The price of Truss and Brexit

Jim analyses the Chancellor's statement blaming Brexit and Liz Truss more than Covid and Ukraine for the mess.He also reports on a row amongst Labour members in Bury South.

Jim Hancock

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Jeremy Hunt, plucked from political obscurity, did a good job of presenting the most unpalatable financial statement in decades. In a reversal of Prime Minister Harold Macmillan’s 1959 claim “you’ve never had it so good”, the Chancellor could have summed up the situation with “You’ve never had it so bad.”

There is to be an incredible 4% fall in living standards. Covid and the Ukraine war have played a part in this, but never forgive the Tories for Brexit and Truss when it comes to the next election. No other economy, which has also suffered from the pandemic and Ukraine, are having to bring in cuts and tax rises like this. They have masked the truth that Brexit has lost us trade and vital workers and Truss cost us our economic credibility.

Hunt has backloaded the worst of the cuts, partly in the hope that things will look up and he won’t have to make them, but mostly to make it difficult for an incoming Labour government. The freezing of tax allowances until 2028 is another move designed to pile the pain on after the Tories have been kicked out of office. It is the main way in which the government is going to raise more tax as millions are drawn into paying more. Crucially though its main impact will be in later years. Restrictions on local authorities in respect of council tax have been eased. Strapped Town Halls are likely to go for a 5% rise.

Tatton MP Esther McVey is asking what is the point of Conservatism with these tax rises? We’ll see if she leads an effective rebellion.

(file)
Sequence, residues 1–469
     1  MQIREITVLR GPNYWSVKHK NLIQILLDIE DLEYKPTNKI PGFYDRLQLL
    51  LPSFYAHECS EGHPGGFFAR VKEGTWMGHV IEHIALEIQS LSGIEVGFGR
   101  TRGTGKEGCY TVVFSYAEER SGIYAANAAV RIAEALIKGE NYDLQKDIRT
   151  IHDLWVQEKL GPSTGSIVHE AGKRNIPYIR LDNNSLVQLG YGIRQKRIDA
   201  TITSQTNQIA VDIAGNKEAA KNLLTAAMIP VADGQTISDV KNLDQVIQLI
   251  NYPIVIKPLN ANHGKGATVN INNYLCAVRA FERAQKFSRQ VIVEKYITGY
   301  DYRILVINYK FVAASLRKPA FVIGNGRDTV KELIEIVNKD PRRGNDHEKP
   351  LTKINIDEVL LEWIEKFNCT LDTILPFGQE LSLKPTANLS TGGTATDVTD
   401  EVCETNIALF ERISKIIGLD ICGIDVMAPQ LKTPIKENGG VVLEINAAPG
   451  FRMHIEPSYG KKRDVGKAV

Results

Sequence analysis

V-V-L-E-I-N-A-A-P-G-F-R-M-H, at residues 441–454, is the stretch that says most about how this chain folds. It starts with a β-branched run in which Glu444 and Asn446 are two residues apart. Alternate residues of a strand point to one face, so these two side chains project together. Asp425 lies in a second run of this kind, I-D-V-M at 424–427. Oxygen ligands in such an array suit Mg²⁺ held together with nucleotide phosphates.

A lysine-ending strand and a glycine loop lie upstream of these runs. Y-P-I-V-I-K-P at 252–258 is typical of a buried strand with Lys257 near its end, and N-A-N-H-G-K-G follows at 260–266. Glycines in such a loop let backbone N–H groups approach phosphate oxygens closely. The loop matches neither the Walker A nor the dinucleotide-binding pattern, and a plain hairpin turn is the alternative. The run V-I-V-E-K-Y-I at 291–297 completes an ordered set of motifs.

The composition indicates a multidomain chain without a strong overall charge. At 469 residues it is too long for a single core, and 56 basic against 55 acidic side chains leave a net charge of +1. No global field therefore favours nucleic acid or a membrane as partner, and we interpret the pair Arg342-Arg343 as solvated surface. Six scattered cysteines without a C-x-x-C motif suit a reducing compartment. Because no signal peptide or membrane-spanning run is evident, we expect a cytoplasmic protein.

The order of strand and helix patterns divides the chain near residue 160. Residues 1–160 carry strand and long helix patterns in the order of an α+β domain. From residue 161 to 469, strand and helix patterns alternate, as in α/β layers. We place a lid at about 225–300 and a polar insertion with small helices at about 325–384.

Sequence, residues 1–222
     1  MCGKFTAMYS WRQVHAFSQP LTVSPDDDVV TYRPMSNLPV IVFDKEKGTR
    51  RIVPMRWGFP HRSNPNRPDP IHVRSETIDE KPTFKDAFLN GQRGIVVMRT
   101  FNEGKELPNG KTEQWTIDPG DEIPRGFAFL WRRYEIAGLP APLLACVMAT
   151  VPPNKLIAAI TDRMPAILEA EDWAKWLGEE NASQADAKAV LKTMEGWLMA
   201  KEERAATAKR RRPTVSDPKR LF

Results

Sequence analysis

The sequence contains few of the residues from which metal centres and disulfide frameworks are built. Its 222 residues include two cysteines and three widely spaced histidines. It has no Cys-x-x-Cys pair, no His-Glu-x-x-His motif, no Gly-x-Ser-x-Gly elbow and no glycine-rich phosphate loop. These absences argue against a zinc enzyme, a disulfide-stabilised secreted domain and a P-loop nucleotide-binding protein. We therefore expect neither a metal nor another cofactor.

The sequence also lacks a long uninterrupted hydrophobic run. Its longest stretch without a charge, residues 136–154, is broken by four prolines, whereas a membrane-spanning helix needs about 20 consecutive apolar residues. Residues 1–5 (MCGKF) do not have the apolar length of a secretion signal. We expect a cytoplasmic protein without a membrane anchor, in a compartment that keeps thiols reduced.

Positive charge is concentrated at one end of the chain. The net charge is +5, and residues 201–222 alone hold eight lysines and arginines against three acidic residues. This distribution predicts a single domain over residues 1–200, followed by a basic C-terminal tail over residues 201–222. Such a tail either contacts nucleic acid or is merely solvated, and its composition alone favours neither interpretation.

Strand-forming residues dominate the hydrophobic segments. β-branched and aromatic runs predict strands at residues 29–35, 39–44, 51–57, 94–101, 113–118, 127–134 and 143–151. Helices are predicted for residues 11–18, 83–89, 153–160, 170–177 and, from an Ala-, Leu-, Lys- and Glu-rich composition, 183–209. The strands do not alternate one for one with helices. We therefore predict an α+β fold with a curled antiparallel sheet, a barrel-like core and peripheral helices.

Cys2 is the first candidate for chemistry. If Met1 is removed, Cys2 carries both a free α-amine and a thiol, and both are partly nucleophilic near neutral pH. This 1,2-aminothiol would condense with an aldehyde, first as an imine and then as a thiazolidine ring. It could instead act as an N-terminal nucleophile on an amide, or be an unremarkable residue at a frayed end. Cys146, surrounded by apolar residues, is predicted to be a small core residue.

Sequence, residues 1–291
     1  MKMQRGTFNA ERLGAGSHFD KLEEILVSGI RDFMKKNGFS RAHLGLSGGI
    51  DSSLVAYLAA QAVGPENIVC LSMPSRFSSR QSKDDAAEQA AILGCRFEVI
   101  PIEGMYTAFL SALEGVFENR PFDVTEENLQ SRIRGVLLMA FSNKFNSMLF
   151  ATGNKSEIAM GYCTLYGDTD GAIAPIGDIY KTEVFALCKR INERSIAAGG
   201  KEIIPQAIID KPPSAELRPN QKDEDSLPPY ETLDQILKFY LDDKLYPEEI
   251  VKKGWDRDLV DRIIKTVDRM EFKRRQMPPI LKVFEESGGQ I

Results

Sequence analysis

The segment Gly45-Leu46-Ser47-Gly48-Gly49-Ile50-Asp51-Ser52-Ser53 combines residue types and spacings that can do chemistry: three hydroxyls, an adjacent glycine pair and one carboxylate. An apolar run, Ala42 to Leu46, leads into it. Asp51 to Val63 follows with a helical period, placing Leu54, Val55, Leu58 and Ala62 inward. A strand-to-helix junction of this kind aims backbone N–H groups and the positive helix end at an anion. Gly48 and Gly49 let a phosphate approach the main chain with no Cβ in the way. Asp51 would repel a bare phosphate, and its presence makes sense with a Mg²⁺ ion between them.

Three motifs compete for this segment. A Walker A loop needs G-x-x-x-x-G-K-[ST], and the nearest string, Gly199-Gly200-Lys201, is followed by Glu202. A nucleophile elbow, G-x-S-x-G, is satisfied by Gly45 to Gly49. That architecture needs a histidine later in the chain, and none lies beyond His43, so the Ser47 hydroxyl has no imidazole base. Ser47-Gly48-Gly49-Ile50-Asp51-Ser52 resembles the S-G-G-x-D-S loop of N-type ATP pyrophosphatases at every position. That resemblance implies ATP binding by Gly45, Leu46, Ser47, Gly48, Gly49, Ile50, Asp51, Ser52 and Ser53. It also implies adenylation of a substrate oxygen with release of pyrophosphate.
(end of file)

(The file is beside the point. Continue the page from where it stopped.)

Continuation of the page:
It is not clear to me how the Chancellor’s statement is going to deal with the serious labour shortage. Train and bus operators haven’t enough drivers; pubs and restaurants are having to shut two days a week for lack of staff. Brexit, illness, the huge cost of childcare and inflation making it not worth working have all contributed to this problem.

The one bright spot was that devolution seems to have been saved. HS2 to Manchester and the core east-west rail investment seems secure, although the “core” seems to leave Bradford out. New devolution deals are ready for signing in the West Midlands and Greater Manchester. The announcement that four County Deals are about to be signed from Cornwall to the Northeast should encourage those backing one for Warrington and Cheshire. A conference to consider this is due next week.

The Shadow Chancellor Rachael Reeves is rightly claiming a lot of the economic problems are home grown. She said the Chancellor had presented “an invoice for economic carnage.” Reeves must be expecting to be in government in 2 years because there is an old political adage that if people answer the question “Do you feel better off?” in the negative, parties in power lose the election.

LABOUR DEMOCRACY IN BURY SOUTH?

Tory defector Christian Wakeford has been imposed by Labour’s National Executive for the next election. There is no by election rush to justify denying the local party a say. My sources tell me that there is deep anger and even Wakeford supporters would have liked to see him locally endorsed. We are back to the days when ex Tory Shaun Woodward was imposed in St Helens.

Meanwhile Dec 15th is to be the date of the Stretford and Urmston by election following Kate Green’s resignation. A poll in Chester is due on December 1st but there is still no sign of Rosie Cooper actually standing down in West Lancashire due to her taking a health service job on Merseyside.

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